Six activists remain in custody under the charge of membership of a terrorist organisation; rights group called it a 'travesty of justice'
A Turkish court on Tuesday ordered that six human rights activists including Amnesty International's Turkey director remain in custody for aiding a terror group, in a case the NGO called a "travesty of justice".
Turkey director Idil Eser was detained on 5 July along with seven other activists and two foreign trainers during a digital security and information management workshop on Buyukada, an island south of Istanbul.
"Six were remanded in custody and four released on judicial control," Amnesty International's Turkey researcher Andrew Gardner told AFP.
Prosecutors accuse them of "committing a crime in the name of a terror organisation without being a member".
Amnesty International's Turkey chair, Taner Kilic, is also in police custody. He was arrested on 6 June with 22 other lawyers and charged with membership of a "terrorist" organisation. Amnesty called the charges "baseless".
An attempted military coup a year ago triggered a sweeping crackdown on people whom authorities say they suspect of links to the network of Muslim cleric Fethullah Gulen, blamed by Ankara for the coup.
More than 50,000 people have been jailed pending trial and 150,000 dismissed or suspended from their jobs, including soldiers, police, teachers, judges and other public servants.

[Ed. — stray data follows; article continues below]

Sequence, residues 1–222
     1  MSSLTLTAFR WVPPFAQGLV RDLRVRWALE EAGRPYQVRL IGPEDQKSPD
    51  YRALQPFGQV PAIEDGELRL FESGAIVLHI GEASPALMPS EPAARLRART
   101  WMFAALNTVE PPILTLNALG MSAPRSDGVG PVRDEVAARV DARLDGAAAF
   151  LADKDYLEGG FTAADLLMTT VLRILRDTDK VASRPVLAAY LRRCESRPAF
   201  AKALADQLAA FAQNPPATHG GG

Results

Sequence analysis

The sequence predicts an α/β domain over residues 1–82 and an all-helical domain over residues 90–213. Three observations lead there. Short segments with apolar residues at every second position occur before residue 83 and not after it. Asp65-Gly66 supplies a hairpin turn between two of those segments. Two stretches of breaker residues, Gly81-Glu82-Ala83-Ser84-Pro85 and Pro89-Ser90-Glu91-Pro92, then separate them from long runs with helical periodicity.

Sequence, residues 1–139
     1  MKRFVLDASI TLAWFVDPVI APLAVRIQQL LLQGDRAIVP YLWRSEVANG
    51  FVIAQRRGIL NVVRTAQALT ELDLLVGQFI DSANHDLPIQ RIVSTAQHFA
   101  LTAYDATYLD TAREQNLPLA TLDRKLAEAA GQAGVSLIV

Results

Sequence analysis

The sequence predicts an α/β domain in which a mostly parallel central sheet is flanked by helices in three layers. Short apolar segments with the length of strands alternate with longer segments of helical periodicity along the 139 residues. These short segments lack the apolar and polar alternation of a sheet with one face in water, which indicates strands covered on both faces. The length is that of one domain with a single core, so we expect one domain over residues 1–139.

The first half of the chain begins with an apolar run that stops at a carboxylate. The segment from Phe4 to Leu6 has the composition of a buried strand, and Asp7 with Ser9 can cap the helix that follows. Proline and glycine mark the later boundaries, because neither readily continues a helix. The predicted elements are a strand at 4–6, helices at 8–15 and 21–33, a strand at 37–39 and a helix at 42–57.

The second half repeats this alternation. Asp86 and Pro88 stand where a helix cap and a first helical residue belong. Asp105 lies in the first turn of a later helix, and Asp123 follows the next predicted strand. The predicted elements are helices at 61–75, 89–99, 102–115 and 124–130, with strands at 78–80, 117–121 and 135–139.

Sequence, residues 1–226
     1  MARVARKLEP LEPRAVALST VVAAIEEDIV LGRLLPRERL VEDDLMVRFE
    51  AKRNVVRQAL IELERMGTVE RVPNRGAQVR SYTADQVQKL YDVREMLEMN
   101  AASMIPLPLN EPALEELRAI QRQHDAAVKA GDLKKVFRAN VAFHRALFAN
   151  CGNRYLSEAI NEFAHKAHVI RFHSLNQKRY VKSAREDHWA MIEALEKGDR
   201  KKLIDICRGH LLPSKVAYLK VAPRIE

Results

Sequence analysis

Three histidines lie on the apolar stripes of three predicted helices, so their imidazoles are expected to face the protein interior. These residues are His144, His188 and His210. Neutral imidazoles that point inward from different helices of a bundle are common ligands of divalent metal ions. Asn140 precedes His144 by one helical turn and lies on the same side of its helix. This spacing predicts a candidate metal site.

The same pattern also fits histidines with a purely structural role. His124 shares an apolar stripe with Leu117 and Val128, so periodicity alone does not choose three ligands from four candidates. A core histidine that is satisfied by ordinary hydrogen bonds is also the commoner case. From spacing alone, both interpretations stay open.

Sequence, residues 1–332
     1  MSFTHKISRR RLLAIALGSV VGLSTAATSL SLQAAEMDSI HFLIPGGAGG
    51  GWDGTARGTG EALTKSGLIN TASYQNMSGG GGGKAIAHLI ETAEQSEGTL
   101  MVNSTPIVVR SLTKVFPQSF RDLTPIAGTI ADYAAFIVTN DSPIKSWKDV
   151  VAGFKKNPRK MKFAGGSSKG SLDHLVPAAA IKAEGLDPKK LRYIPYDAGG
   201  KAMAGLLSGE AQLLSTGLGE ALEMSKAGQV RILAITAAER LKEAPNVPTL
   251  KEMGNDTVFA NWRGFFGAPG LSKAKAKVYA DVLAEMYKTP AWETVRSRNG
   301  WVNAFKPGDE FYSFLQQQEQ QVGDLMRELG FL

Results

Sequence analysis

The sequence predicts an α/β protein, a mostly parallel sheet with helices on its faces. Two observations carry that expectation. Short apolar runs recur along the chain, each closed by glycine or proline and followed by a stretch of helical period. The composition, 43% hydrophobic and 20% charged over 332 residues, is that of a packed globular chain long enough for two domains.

On Friday, more than 7,000 police, civil servants and academics were dismissed, the day before hundreds of thousands of Turks took to the streets to commemorate the thwarting of the coup.
Eser and those detained with him had been attending a workshop on digital security and information management. Among those arrested were two foreign trainers – a German and a Swedish national.
The United States has said it is "deeply concerned" by the detentions.
The purge, which has also led to the closure of some 130 media outlets and the jailing of 150 journalists, has alarmed Turkey's Western allies and rights groups, who say President Tayyip Erdogan is using the coup as a pretext to muzzle dissent.
Some 250 people were killed in last year's coup attempt, and the government has said the security measures are necessary because of the gravity of the threats facing Turkey. Gulen has condemned the coup attempt and denied involvement.